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EndocrineWeb Community Advice

Thyroid cancer after care

From: nanmutchler - 41 weeks 3 hours ago

I had my thyroid removed 12 1/2 years ago, due to a very large, cancerous tumor. Since that time, I have been through 3 different endocrinologists, as there is only one in the entire town and they don't seem to stay very long. I finally just decided to have my primary care doc monitor my levels, which is by far NOT ideal. In those 12 1/2 years, my medication dosage has changed at least once, usually twice, every couple of years. No one has ever really explained to me what I should expect as far as after care wellness, cancer recurrence, what to watch for, and late or long-term side effects. The one thing I do know is that when I go in for a regular blood test and the results come back that my TSH is .07 when my normal level should be between .300 and 3.000, it suddenly explains why I have been feeling so crappy. If anyone has gone through hypo-hell, you will understand that is how I feel when my levels are so off. I have a full time job and miss a lot of work when I feel this way. Can someone/anyone please help guide me in the right direction so I don't have to continue going through this? I have, however, finally decided to find a new endocrinologist, even though I will probably have to go about 250 miles to see one who knows what they are doing.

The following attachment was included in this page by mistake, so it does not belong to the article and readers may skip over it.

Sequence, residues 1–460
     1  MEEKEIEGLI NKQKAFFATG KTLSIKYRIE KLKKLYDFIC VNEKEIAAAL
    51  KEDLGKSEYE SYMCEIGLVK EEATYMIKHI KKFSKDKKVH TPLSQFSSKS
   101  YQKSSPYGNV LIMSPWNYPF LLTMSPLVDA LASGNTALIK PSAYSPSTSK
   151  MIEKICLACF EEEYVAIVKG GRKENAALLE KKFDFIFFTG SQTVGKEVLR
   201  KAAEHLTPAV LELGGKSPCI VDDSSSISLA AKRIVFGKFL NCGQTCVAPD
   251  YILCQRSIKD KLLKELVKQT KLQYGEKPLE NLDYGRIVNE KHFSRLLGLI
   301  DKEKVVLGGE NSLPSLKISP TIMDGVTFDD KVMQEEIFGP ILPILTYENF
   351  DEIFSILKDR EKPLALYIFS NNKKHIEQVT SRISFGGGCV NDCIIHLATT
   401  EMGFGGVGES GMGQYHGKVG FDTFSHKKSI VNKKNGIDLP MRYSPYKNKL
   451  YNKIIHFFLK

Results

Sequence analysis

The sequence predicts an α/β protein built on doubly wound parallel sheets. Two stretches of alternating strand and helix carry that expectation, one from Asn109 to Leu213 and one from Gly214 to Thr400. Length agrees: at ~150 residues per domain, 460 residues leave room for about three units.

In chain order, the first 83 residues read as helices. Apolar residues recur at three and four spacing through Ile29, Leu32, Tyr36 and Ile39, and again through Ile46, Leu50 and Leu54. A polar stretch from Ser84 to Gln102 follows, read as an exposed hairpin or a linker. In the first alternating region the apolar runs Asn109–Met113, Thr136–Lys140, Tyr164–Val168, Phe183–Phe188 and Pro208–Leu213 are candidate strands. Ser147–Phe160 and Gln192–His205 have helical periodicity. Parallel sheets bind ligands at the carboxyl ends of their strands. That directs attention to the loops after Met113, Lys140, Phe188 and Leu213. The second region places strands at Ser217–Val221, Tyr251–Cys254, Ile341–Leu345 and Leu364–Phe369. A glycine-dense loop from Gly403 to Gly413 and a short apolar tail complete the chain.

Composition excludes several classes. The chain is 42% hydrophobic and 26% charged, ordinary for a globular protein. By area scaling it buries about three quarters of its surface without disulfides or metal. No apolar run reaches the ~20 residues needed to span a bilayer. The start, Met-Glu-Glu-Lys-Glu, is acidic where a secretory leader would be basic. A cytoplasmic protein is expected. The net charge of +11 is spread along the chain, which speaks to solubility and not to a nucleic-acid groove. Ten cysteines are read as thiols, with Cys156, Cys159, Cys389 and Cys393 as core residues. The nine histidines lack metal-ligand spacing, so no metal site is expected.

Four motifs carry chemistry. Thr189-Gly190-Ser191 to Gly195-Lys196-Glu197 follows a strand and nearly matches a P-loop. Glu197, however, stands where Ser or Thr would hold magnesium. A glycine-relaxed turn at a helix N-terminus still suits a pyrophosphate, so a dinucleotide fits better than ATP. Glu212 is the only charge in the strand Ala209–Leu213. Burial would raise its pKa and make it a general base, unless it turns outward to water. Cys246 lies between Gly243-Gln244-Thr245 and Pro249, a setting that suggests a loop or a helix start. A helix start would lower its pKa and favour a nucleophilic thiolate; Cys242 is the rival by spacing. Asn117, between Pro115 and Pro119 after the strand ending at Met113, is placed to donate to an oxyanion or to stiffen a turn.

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On the off chance that you have finished treatment, your specialists will in any case need to watch you intently. It is vital to go to all subsequent arrangements. Amid these visits, your specialists will get some information about symptoms, inspect you, and might arrange blood tests or imaging tests, for example, radioiodine sweeps or ultrasounds. Follow-up is expected to check for disease repeat or spread, and in addition conceivable reactions of specific medicines. This is the ideal opportunity for you to ask your human services group any inquiries you require addressed and to examine any worries you may have.

A great many people do after treatment, yet follow-up care can proceed for a lifetime. This is imperative since most thyroid malignancies develop gradually and can repeat even 10 to 20 years after starting treatment. Your social insurance group will clarify what tests you need and how regularly they ought to be finished.

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